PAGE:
The tragedy in the middle of April, when in Jēkabpils, Leons Rusiņš stabbed a woman in front of her child and mother after months of threats and harassment, highlighted a number of problems. Although the woman had repeatedly turned to the police and 18 criminal proceedings had previously been initiated against the killer, the tragedy was not prevented. The perpetrator did not attend his hearings and the police could not find him. He still has not been found a week and a half after the murder.
The State Police have started a service inspection that will take about a month. It needs to be clarified whether the police have acted in accordance with the regulatory framework and have been sufficiently active.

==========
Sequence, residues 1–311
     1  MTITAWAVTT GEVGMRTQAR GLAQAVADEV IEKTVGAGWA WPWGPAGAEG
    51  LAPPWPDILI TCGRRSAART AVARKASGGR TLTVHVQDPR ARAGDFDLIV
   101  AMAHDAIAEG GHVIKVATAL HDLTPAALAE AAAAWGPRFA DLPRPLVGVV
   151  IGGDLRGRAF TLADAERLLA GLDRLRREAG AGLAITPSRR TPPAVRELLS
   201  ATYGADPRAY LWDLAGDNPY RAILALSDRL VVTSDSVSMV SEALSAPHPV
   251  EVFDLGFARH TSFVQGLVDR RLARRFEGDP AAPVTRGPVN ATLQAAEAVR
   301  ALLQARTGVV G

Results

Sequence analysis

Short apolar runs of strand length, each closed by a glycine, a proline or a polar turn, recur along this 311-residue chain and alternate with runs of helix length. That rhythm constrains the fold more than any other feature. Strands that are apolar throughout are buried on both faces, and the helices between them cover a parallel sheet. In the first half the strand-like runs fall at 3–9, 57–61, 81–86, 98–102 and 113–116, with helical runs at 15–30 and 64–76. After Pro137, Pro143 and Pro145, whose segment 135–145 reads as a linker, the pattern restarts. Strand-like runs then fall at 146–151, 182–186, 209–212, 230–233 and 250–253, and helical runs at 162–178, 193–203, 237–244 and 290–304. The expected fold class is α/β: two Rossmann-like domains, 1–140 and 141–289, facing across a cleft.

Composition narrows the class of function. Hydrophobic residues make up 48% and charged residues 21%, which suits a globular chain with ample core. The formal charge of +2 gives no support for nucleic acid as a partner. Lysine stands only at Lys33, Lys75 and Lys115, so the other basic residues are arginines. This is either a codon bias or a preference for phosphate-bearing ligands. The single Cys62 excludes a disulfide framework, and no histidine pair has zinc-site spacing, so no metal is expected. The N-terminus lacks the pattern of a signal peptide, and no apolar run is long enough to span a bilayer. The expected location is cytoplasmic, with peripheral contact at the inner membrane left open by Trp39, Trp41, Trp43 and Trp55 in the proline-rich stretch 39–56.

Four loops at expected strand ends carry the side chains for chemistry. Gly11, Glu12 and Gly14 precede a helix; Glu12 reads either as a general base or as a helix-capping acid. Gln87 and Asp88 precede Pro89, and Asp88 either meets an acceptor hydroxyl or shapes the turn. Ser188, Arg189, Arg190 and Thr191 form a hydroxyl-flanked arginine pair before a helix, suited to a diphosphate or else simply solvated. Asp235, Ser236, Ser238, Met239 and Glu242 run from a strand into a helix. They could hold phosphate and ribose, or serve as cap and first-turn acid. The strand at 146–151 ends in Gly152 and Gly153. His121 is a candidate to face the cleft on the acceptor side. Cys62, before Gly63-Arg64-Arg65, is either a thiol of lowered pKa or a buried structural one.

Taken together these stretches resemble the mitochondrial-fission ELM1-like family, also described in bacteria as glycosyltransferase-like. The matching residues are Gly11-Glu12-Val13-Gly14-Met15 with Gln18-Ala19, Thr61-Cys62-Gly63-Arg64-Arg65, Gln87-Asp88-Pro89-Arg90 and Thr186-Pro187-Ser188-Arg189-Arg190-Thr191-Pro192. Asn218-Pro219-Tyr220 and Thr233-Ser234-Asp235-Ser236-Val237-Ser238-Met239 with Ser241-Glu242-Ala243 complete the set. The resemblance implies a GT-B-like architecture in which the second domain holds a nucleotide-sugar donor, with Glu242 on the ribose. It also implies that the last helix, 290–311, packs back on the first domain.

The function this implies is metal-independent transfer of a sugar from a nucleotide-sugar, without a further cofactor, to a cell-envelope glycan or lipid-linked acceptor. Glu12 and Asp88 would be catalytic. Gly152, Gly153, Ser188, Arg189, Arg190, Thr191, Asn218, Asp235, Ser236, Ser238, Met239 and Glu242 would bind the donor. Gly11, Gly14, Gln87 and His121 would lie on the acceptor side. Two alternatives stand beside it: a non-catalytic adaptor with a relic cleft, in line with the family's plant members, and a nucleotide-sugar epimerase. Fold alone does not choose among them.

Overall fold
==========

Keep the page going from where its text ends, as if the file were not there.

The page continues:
Meanwhile, politicians are already preparing changes to the laws in response to the shortcomings already shown in the particular tragedy.
Internal Affairs Minister Māris Kučinskis (United List) said: “In regard to the police, we are conducting this investigation within a month to carefully assess and find who and how he has not worked. [..] There are three proposals. Firstly, the courts should take domestic violence in priority order. Secondly, raising penalties for such crimes. Third, but it's not a one-day issue, electronic defense. This means that such perpetrators should wear a [monitoring] armband for a while."
The head of the Saeima Legal Affairs Committee, Andrejs Judins (New Unity), has prepared amendments to the Criminal Law, encouraging an increase in penalties for threats of bodily harm and threats of murder, persecution, and also avoidance of court. These legislative amendments are already planned to be viewed by the Saeima Legal Affairs Committee in May. In this context, a meeting is scheduled for May 9.
At the same time, a majority of Saeima members on Thursday disagreed with the call for the Progressives to instruct the government to advance the Istanbul Convention for approval.